Tag Archives: Panamanian West Indian writers

Reminiscences of a Colon Bway (con´t)

chritmas treeWe hope you enjoy Tito Johnson´s memories of Colon as much as we have.  Here is Part II.

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The Panamanian Retirees’ Breakfast Club

To our esteemed friends and compatriots in Panama and the United States: we have published images from this “Journal” of activities amongst our various generations as a compliment to the “Panamanian Retirees’ Breakfast Club” hoping that other similar groups would leave their mark for the coming generations as we have done now for the past seven years. It was several years ago, when we were starting this work as a collection of blog sites, following them up with Facebook groups, that friends brought up what we thought were good points as we were going over the lives of our childhood buddies. Some of our friends are still with us and some- too many- have gone on to a better life. Continue reading

The Razor Blade Haircut

Of course, this is a modern image of a black barbershop in the U.S. but, notice the planks in the background barber seats- "The Kiddie Chairs."  Image

Of course, this is a modern image of a black barbershop in the U.S. but, notice the plank in the background barber seat- “The Kiddie Chair.” Image

The story, or rather, the account, you are about to read was written by Daniel Webster, better known on the web as Ocho Gritos, posted on Facebook on 6 September on our Afro Heritage of Panama (Facebook) Group. With his permission we’ve decided to share it with you, our readers, to preserve some of the memories of the Silver People of the Black Zone. ***

The other day, I wrote on Facebook about getting a hair cut with a razor blade, and a young man commented he had never heard of this. I recognized his family but also realized he would be too young to know about this cultural aspect of black Zonian life. I grew up in Rainbow City what today is Ciudad Arco Iris. Mr. Brooms was our family barber going back generations. Continue reading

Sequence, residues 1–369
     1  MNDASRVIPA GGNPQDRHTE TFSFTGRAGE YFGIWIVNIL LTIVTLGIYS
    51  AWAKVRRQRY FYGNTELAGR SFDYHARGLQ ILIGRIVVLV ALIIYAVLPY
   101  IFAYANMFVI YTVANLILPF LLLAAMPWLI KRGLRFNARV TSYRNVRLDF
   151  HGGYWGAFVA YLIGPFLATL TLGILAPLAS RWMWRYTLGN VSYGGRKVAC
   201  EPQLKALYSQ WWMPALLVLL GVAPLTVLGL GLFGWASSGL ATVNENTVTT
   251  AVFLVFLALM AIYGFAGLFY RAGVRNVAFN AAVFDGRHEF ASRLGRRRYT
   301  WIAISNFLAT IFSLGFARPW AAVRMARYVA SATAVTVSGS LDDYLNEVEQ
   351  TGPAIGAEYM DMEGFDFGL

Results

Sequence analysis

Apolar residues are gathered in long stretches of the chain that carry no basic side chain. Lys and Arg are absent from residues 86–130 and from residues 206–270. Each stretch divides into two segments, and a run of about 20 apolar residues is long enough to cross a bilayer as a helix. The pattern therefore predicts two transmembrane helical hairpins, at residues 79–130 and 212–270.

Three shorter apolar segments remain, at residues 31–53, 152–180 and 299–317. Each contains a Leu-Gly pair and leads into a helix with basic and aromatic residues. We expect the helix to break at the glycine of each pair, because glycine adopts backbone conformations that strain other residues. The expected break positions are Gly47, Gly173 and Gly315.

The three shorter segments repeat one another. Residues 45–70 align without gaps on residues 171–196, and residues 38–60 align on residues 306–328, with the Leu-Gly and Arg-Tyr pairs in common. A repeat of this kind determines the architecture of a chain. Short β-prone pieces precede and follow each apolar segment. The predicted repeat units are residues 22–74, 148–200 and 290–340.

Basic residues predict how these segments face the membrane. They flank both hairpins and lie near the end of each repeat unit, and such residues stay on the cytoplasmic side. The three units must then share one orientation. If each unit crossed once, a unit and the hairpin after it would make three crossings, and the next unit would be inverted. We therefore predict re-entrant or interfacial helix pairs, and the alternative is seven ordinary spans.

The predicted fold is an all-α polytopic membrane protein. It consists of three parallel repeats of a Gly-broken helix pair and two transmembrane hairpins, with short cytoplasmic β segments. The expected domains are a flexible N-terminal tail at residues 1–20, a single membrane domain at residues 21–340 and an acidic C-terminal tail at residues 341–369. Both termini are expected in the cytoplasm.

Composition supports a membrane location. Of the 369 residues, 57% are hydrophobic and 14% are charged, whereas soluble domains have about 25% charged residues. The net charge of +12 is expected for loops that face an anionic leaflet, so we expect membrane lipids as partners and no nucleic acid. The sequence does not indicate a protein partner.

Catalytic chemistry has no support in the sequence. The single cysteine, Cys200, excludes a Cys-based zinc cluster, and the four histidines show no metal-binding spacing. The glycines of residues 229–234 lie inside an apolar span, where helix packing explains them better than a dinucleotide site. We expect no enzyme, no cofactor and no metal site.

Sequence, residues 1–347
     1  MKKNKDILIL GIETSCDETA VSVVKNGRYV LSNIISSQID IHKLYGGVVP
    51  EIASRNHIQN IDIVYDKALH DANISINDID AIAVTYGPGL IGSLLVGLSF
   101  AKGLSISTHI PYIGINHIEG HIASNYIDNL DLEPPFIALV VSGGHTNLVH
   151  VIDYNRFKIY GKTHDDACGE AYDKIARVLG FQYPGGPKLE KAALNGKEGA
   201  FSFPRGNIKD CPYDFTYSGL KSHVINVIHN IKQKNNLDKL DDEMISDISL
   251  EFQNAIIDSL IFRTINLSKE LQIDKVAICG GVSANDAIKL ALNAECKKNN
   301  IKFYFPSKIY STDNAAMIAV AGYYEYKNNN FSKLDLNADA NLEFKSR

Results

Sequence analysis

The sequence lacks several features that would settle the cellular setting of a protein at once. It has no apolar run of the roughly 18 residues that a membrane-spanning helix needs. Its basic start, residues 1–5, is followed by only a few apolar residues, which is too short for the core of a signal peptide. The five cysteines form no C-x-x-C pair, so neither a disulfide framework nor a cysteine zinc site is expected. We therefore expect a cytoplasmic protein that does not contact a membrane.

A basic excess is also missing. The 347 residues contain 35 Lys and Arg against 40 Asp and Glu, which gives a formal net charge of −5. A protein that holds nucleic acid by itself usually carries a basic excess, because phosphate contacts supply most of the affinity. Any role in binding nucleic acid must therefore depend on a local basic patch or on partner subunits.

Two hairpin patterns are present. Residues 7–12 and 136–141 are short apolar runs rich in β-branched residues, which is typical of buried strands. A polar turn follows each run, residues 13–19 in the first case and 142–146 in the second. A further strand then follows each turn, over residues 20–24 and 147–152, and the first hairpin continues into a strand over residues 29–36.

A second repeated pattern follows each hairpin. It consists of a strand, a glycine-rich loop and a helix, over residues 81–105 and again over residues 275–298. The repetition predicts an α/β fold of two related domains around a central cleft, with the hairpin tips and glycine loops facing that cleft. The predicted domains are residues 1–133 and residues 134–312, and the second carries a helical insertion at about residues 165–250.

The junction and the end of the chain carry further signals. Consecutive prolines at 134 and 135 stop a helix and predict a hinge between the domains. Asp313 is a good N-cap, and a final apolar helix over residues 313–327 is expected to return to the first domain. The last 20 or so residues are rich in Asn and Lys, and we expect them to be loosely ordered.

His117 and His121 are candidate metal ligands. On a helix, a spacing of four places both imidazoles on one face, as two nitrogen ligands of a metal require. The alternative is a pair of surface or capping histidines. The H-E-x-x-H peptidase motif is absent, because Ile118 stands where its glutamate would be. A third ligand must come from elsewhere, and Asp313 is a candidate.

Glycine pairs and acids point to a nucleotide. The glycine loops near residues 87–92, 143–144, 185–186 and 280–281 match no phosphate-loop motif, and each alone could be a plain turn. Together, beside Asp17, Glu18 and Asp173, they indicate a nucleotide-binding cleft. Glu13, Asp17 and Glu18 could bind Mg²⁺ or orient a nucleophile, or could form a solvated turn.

Poetic Tribute to the Silver People – Part 3


West Indian workers arriving in Panama aboard the “Cristobal.” Image is property of the ACP.

Before we bid farewell to the month of August during this year of remembrance, we wanted to post the last two poems written by our contributing poet, Mr. Louis Emanuel.  They sum up vividly how many of us felt years ago and even today.  As he put it in his message to us, “Many of us can relate to this…” Continue reading

Poetic Tribute to the Silver People – Part 2

This photo is of a derailment at Bas Obispo in 1886- the French Railroad days. Note the Jamaican workers - See more at: http://thesilverpeoplechronicle.com/2007/02/jamaican-workers-on-american.html#sthash.hj31A3gz.dpuf

This photo is of a derailment at Bas Obispo in 1886- the French Railroad days. Note the Jamaican workers.

Here are two more poems by Mr. Louis Emanuel during this period of recognition to our Silver ancestors.

The Train

This railroad was built, many years ago
In the US this idea, was concocted as known
To move gold from west, to northeastern shores
Crisscrossing the isthmus, since then until now.

History recalls, those contractors of yore
Imported Asiatics, as the labour force
Not adapted to the harsh, tropical woes
Many perished, escaped, hid, who knows.

The railroad company, desperate for men
To Jamaica they went, and hired right then
Whom brought this venture, to an early end
The trains are rolling, right round’ the bend.

While awash in nostalgia, I have often recalled
Many miles of tracks, from Colon to Panama
Steam engine in tow, and passenger cars for all.
Thus I ponder, why such things had to pass.

No longer the transport, for many ingots of gold
Nor for our Diggers, from the great ditch, of old
Diesel engines, haul containers, stacked twofold
The leisure cars can be pricey, so I have been told.


An ode to the men, whom came to Panama as the main
labor force to build the world’s seventh wonder, The
Panama Canal. And whilst doing so perished leaving
behind their wives, mothers children, and loved ones.


The land is parched, sugarcane won’t grow
On this island, the economy is very slow
My husband’s earnings, so abysmally low
I am with child, which he is soon to know.

He paces the fields daily, and is very sad
And vies for work, earning whatever he can
Contractor work, in some faraway land
As a last resort, is shrouding his plans.

My darling husband, please do not leave
I am carrying our child, consider my plea
You must be here, when I do conceive
To greet our firstborn, honey, let it be.

One dreary morning, I rush to the dock
Men boarding a ship, waving nonstop
My dearest husband, is amidst the lot
I prayed Lord, please bring them back.

His letters I cherish, so often each month
The earnings sent home, begins to mount
Our child in waiting, soon to be born
The days seems as years, since he’s gone.

Received that letter, on a sad gloomy day
My beloved, will no longer, come my way
He was blown to bits, on Contractor Hill
Dynamite explosion, many Diggers killed.

I screamed, cried out loud, this is not true
He promised to return home, so very soon
Then I prayed, Father in the heavens above
To bless, comfort him, with thy eternal love.

Louis Emanuel